Fight Klub at Buck 15
October 2, 2007
Better Than: Getting lost in Liberty City on your way to the beach.
TicketsSat., Jul. 29, 7:30pm
Prince Royce - Five Tour
TicketsSun., Jul. 30, 7:30pm
Foreigner w/ Cheap Trick and Jason Bonham's Led Zeppelin Experience
TicketsTue., Aug. 1, 7:00pm
Double Feature: Straight No Chaser/Scott Bradlee's Postmodern Jukebox
TicketsTue., Aug. 1, 7:30pm
Blondie & Garbage: The Rage and Rapture Tour
TicketsTue., Aug. 8, 7:00pm
The first time I went to South Beach, I got attacked by a beautifull cross-dresser. So, I never know what to expect when I’m in the area. On Tuesday night, Rodderick Deal, a local up and coming photographer/artist was having a gallery opening at Buck 15 to premiere five of his pieces. If you haven’t heard, Buck 15 is a counter-culturally inspired south beach lounge, located above the Miss Yip Chinese Cafe. Unexpectedly enough, I was unaware that I would be stumbling upon an underground dimension of hip-hop, in which all of the bodies from the crevices of Miami would congregate to support smart-mouthed talent.
Around 11 p.m. on a Tuesday night, I was ready to ditch, turn around and sprawl out on my bed. All of a sudden, from out of a corner, approached this tall guy who turned out to be Von Jeff, the director of A&R to MTV2’s Monday Night Fight Klub, and he informed me that there was going to be a blow-out Fight Klub event at the very same spot where I was headed. Now, I have poor-people’s-cable and have therefore never seen the show. Yet, in speaking to International P, the show’s host, I learned that Fight Klub has been rated #1 for it’s time slot and happened to showcase Sam Scarfo, who became the first rapper signed onto Def Jam by Jay-Z, after Scarfo appeared on the show.
If you’ve never seen Fight Klub, it is based on the ancient art of freestyle battle rap, in which two people are pitted against each other to see who displays the greatest magnitude of lyrical wit in their disses. For example, “This write up is about fight Klub on MTV, but to get it, your dumb ass gotta learn how to read.” Ha! I should be on the show.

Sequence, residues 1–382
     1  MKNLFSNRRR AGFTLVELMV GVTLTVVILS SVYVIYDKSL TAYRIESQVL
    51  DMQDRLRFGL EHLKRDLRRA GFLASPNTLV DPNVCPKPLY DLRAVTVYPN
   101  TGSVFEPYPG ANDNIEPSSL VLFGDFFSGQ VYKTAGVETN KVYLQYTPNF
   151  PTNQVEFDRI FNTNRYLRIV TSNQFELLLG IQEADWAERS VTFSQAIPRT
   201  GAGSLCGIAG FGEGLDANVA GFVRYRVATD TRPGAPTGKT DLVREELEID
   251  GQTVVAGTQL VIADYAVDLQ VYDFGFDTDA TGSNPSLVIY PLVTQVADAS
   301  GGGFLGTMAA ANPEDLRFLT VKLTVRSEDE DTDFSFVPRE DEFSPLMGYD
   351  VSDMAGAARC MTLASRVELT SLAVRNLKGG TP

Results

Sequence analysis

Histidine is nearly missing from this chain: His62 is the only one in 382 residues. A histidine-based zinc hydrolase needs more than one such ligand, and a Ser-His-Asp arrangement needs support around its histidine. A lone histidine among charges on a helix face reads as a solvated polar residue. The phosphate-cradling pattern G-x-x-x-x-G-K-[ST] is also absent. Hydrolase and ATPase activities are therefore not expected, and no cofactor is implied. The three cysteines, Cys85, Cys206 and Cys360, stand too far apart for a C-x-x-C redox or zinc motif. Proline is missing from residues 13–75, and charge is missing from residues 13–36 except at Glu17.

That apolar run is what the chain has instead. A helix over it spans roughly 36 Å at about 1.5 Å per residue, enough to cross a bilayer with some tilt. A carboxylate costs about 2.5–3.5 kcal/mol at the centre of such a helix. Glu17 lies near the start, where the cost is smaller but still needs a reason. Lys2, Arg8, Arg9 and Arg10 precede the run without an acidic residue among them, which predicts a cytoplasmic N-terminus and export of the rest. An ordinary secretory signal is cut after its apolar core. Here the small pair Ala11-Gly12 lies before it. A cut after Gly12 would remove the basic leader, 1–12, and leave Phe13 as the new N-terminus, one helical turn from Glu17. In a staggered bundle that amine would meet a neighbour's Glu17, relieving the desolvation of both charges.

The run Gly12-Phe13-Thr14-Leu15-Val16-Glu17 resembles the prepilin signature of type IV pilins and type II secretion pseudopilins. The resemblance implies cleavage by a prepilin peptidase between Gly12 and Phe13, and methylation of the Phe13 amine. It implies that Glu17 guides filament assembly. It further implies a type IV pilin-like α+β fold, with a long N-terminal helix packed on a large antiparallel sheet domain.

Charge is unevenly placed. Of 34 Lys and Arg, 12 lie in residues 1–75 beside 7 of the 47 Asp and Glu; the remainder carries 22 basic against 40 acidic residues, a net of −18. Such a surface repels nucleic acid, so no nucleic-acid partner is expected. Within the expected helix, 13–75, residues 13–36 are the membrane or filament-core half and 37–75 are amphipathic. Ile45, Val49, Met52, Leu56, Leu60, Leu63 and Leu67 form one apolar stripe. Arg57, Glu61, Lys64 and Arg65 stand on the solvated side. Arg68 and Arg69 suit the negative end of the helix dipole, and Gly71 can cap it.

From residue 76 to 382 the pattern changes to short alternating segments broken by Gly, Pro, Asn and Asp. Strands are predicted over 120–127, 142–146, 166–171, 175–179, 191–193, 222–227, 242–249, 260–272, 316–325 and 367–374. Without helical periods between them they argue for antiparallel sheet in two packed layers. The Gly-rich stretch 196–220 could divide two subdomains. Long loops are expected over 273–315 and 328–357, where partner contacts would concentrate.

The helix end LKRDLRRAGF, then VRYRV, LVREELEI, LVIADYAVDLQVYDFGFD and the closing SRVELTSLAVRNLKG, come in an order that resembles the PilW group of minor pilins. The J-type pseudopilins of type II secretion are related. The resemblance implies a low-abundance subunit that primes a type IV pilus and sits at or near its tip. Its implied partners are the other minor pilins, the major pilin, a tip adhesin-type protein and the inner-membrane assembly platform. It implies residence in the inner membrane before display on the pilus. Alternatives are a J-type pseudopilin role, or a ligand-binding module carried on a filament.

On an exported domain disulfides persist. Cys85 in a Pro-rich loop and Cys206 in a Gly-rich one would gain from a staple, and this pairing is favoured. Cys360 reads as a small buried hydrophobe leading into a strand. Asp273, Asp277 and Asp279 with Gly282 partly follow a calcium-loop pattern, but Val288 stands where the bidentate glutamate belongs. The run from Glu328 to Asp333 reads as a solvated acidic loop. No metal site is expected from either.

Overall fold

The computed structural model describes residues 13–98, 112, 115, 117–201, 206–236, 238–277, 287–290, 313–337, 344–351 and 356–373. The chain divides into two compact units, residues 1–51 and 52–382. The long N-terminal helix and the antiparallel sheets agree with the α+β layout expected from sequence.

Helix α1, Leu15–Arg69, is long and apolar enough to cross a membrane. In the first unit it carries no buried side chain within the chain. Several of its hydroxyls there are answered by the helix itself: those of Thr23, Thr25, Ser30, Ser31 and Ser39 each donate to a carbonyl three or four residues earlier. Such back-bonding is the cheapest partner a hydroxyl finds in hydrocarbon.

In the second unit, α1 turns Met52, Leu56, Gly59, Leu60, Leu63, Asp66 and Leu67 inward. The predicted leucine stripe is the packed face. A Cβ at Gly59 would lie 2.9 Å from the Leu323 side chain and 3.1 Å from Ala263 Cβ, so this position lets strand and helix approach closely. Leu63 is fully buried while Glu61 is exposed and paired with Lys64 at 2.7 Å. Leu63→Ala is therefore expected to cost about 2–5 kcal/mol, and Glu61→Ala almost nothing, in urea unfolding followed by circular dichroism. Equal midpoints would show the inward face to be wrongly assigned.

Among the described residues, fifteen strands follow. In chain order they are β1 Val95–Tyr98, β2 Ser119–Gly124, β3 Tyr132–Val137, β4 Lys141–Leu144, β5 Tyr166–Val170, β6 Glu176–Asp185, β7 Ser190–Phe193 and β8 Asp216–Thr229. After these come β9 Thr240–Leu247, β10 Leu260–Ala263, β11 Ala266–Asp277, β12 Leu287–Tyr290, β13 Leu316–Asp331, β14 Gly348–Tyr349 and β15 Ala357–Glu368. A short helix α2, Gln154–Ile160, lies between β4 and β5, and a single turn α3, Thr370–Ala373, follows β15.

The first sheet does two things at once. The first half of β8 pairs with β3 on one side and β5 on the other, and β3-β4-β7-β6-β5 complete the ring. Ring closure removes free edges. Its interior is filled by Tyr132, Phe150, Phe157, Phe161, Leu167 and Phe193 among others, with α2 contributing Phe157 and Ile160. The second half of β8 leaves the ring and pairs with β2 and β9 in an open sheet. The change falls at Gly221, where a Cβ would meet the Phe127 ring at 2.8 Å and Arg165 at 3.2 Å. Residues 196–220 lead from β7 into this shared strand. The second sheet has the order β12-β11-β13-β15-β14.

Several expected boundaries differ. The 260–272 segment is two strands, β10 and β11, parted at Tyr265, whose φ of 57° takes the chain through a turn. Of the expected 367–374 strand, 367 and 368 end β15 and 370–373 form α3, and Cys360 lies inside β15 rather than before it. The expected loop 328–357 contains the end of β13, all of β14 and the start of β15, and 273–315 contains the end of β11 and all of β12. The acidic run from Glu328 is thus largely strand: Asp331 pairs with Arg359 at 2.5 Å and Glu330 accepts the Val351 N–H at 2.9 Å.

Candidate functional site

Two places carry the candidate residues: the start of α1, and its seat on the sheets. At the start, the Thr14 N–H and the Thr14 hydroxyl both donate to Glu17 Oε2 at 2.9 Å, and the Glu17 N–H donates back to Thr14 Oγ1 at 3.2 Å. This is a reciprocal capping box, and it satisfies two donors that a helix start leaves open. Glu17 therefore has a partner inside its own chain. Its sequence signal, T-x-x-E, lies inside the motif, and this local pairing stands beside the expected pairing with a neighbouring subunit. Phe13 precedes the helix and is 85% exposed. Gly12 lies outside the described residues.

The night began with DJ Crash and DJ Keen-One. Keen-One had actually thrown the party as his recurring set every Tuesday night entitled Take-Out Tuesday’s. Tracks from the, “Pharcyde” and other urban sounds were resonating off the walls of the lounge, while Rodderick Deal’s pictures of Bob Marley, LL Cool J, Jimmie Hendrix, Malcolm X, and Jam Master Jay’s chain, set the ambience of the room. The portraits were actually made up of tiny photographs that Deal had previously taken, which were put in place of the larger images’ pixels. The picture of Malcolm X, for example, was made up of separate smaller pictures. His artwork will be displayed at Buck 15 until the end of October.
As 12 o’clock passed, one particular group of B-boys, The Raw Meat Crew, began to entertain with their windmills and rhythmical toprock steps. Moments later, as it neared 1 a.m., the small lounge became increasingly tighter. Swarms of Fight Klub supporters including, Jacki-O, DJ Entice, and 99 Jams’ K. Foxx, began to fill up the remaining millimeters of space. In fact, the aforementioned Miami natives were judges in the freestyle battle competition.
Unfortunately, I only witnessed the first series of fights between Blaze and three other guys. The first MC that Blaze went up against had the audacity of saying, “No cheers cuz you brought your fans from Little Haiti,” and I thought he was going to get shot. In judging this first round battle, Kay Fox said that Blaze had been, “Kickin it written.” Ultimately however, Blaze got lucky that the other guys’ abilities were achingly weak. He then became the winner of the overall event when he beat Freddy P, of MTV’s making the band. -- Lucy Orozco
Personal Bias: I was expecting a deeper display of poetics from all the MC’s, but then realized that it takes a lot of skill and confidence to even stand up and flow continuous semi-improvised rhymes, without getting overwhelmed by audience distractions. Therefore, even though they didn’t spit masterpieces, they still took the first step towards industry grandeur.
Random Detail: I must have heard at least 50 references to coke that night. Why do Hip-Hop artists stemming from Miami have to constantly reference cocaine in their rhymes, in ways that both directly and indirectly promote its usage? Do they know that their music is largely heard and admired by the younger more vulnerable generation? Isn’t Trick supposed to love the kids?
Get the Things to Do Newsletter
Find out about upcoming events and special offers happening in South Florida.